World Malaria Day: Expert advocates improved data collation on testing

Co-Chair of Roll Back Malaria Partnership Case Management Working Group, Professor Olugbenga Mokuolu, has called for urgent improvement in Nigeria’s malaria data to reflect a realistic figure of the disease.

He made the appeal during an interview with the News Agency of Nigeria on Monday in Lagos in ahead of the World Malaria Day commemoration.

World Malaria Day, celebrated annually on April 25, highlights global efforts to end malaria, the need for sustained political commitment and continued investment in malaria control and elimination.

The theme for this year’s celebration is ‘Accelerating the fight against malaria for a more equitable world’.

Mokuolu also emphasised the need to strengthen the culture of diagnostic testing before the treatment of malaria to document true cases.

He said, “In a situation where we continue to practice empirical treatment for all fever, we are going to create a false record that exaggerates the number of malaria cases.

“If 10 people come in with fever, there’s a tendency for a health worker who didn’t conduct a test on the patient to diagnose seven for malaria, and that’s what the record would reflect.

“But if you test, you will be surprised that maybe two or a maximum four out of the 10 test positive for malaria.”

Mokuolu, who is the Special Adviser to the Coordinating Minister of Health and Social Welfare on Malaria, noted that more in-country information had been gathered due to the entomological monitoring that was set up.

He explained, “Now better data is emerging and helping us understand vector bionomic that’s overall behaviour around the vector.

”With such understanding, we can better target our interventions to where it will make the most impact.”

Mokuolu said efforts are being made to optimise and recalibrate existing tools and adopt new tools in terms of technical and strategic approaches.

According to him, integrating a multisectoral approach in the malaria response had become crucial to achieving an impactful intervention.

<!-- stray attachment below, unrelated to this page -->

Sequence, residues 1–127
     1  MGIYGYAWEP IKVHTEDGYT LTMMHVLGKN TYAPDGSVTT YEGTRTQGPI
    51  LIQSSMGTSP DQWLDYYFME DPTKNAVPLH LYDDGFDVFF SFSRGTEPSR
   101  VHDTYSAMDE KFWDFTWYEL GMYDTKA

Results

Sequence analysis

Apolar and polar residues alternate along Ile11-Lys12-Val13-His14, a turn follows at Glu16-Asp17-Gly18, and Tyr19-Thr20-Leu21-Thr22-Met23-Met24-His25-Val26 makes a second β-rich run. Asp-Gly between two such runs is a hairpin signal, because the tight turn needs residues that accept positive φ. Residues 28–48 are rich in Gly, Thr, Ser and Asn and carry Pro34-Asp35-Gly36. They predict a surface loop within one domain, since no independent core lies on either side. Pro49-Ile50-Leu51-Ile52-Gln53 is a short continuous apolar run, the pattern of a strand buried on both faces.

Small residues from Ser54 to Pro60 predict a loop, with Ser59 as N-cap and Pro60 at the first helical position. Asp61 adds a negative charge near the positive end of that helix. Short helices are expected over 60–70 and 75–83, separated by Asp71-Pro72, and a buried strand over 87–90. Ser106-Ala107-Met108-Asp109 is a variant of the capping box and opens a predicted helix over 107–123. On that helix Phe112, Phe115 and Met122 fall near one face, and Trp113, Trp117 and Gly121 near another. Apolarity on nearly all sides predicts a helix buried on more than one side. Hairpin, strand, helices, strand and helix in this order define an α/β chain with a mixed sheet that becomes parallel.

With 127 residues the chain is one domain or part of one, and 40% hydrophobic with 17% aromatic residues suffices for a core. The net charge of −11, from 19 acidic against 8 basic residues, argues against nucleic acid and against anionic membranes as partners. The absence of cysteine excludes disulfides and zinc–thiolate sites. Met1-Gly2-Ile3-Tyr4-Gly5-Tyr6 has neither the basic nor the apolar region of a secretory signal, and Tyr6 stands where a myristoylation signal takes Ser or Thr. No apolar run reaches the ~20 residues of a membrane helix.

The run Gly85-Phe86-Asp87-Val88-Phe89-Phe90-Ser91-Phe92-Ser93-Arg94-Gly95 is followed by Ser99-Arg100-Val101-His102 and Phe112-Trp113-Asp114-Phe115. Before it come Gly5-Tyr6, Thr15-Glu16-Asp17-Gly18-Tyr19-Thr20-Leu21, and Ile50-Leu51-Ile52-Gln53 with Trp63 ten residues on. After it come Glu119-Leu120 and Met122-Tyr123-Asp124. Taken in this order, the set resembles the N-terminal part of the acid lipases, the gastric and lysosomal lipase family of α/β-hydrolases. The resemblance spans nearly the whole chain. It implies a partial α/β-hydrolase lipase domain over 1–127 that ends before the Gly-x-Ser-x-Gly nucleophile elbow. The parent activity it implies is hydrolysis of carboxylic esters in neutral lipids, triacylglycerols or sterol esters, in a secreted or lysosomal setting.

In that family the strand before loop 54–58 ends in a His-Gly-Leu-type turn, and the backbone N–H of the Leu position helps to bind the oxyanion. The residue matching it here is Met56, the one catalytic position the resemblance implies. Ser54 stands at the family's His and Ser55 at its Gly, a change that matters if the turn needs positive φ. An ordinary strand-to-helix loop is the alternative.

He said, “Multisectoral approach has become critical in our response – the Ministry of Agriculture has as much stake as the Ministry of Health; the Ministry of Environment is as critical as any drug we will use to treat malaria.”

The Mokuolu stressed that malaria had taken quite a toll on people and acknowledged that several efforts had been made to put it under control.

He, however, said malaria had continued to endanger health and impose high costs on national economies where it was prevalent.

“It’s a disease that has perpetrated the vicious cycle of inequality, impacting children under five, pregnant women, refugees, and internally displaced persons.

“We must be deliberate to ensure these vulnerable populations are reached and covered as an affirmation of their inclusion in our world,” he advised.

The expert noted that primary healthcare centres are being strengthened across the country to prevent, detect and reduce the burden of the disease.

He lamented that budgetary allocation to malaria had been low at the federal and state levels, and called for improved funding to stimulate progress.

Mokuola disclosed that there were assurances from the federal government to improve the 2025 budget allocation for the fight against malaria.

Also speaking, Consultant Medical Parasitologist, Professor Wellington Oyibo, said research done by his team across the country showed that primary source data on malaria at health facilities were not accurate.

He lamented that over-diagnosis and over-treatment of malaria were prevalent in health facilities nationwide, as all fevers are treated as malaria.

This, he noted brings about strong economic and life-threatening effects on patients and communities.

The parasitologist suggested the training and supervision of healthcare workers improve the quality of data analysed and reviewed for targeted intervention


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